The future of agri-futures

By: |
November 02, 2021 4:15 AM

Bans on trading come in the way of functioning of the market as price-discovery process gets affected

Therefore, often, there is a misunderstanding on the causation as there can be a two-way relationship.Therefore, often, there is a misunderstanding on the causation as there can be a two-way relationship.

The future of futures in agriculture has once again come into question with NCDEX not announcing new contracts in, first, chana, and then mustard. These two contracts were some of the more vibrant ones on the exchanges that had strong links with the value-chains. Chana went off the shelf in 2008, but had come back to a steady state. For mustard, this is the first time. There has been similar withdrawal of contracts of soya oil. In between, guar complex came under the scanner as did some spices. Where exactly are commodity agri-futures headed?

An objective of futures trading is gains reaching farmers, by establishing an efficient price-discovery platform. This has been achieved to a large extent on NCDEX, in products such as castor, chana, soy complex, mustard, guar, cumin, etc. While farmer participation is the final goal, the exchanges have been working with FPOs to bring these platforms closer. The benefit of price-discovery has permeated across the value-chain, and farmers can decisions on selling in the spot market or relying on the futures market. Edible-oil manufacturers as well as dal mills have traditionally found this mode useful for delivery too.

However, the history of futures trading in commodities has been punctuated with several bans, which is not a good development for the market as it affects confidence levels. Often, a contract that is banned may not return to the table, such as urad and tur which were very effective in price-discovery.

Even when the contracts are restored, traders hesitate because of the fear of bans. This fear arises because a sudden ban—as has been the case for chana (where the price was ruling lower than the MSP) or, more recently, mustard—involves losses for market participants with open positions as they must square off contracts before maturity. This pushes them away from the platform.

The same problem doesn’t exist for non-farm products, where price-discovery is via global markets. In case of agri-products, price-discovery is domestic and, hence, market participants walk the razor’s edge. The efficiency of the market is revealed when there is a symbiotic relation between spot and futures prices. Futures are defined as spot plus cost of carry. However, often, the spot can be driven by the futures-price if the latter is efficient as all information relating to the future of the crop gets imbibed in the price which, in turn, affects the former. Therefore, often, there is a misunderstanding on the causation as there can be a two-way relationship.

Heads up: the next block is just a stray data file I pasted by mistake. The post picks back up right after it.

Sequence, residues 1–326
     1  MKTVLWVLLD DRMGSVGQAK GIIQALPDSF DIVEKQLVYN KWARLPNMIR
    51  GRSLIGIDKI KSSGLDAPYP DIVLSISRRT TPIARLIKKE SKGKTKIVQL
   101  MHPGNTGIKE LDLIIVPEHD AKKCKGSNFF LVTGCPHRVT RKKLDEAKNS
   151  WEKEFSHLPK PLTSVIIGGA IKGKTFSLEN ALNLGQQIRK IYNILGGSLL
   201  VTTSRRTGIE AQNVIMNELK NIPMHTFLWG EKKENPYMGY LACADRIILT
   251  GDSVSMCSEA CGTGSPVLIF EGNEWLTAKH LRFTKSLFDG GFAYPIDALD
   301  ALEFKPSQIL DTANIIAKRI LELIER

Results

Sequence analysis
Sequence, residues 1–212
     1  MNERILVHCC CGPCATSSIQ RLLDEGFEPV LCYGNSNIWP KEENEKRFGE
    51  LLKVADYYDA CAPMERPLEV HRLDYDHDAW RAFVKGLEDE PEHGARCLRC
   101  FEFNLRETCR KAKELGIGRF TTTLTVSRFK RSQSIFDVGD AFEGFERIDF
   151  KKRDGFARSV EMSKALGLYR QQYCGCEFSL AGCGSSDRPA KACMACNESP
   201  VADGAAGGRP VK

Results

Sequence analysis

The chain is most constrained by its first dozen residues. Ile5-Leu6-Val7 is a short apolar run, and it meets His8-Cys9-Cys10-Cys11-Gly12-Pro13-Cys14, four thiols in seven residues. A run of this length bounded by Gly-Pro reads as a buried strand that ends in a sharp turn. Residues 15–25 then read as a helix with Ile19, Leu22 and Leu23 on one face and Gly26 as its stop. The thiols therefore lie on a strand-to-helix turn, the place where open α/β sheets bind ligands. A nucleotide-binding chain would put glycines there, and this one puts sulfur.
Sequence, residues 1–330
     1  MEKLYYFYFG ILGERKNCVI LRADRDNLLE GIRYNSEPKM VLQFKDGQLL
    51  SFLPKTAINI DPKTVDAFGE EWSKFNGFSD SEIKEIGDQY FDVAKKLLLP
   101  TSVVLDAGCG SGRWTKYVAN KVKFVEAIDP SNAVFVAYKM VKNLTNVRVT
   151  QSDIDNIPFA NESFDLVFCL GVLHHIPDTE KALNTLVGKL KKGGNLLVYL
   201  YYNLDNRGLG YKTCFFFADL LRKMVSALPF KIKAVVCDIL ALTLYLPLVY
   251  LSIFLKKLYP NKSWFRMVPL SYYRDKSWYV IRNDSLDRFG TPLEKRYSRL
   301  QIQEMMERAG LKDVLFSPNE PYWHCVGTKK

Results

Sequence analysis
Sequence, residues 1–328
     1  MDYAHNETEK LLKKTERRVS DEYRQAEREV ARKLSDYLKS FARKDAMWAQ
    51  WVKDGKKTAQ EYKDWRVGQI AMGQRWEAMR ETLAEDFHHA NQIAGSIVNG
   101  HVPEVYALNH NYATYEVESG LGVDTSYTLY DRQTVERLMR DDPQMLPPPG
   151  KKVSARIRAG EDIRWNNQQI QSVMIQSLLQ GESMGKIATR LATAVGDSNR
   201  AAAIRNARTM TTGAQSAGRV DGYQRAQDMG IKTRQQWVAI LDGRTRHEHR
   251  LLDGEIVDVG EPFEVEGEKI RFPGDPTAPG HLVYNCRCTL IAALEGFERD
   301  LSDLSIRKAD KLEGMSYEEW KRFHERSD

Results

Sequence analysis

The way out is not to ban any contract, but make sure to correct any serious aberration through a combination of higher margins so that if at all the price is getting distorted due to market manipulation, the correction takes place immediately. Further, talking to potential wrongdoers is another way out, provided trading patterns noticed by the exchange reveals such tendencies. Position limits can be changed to ensure undue influence is not exerted by any set of traders. Banning the contract may not be the best way out.

Agri-futures, which have been driven mainly by NCDEX, have a checkered history with bans often pushing NCDEX back. There is a major regulatory push to futures trading from the point of view of hedging as well as reaching out to farmers. Bans on trading come in the way of functioning of the market as price-discovery process gets affected because liquidity is withdrawn. The farmers too don’t get clear signals and may start suspecting the market in general. Form the point of view of hedging companies, which have hitherto been covering their price-risk through this platform, they will see options dwindle and will go back to their old ways of carrying risk. This holds for edible-oil companies, mills that process pulses, users of pulses (sweet dealers), masala manufacturers etc. We need to move away from the ban mindset.

Independent economist & author of
Hits & Misses: The Indian Banking Story

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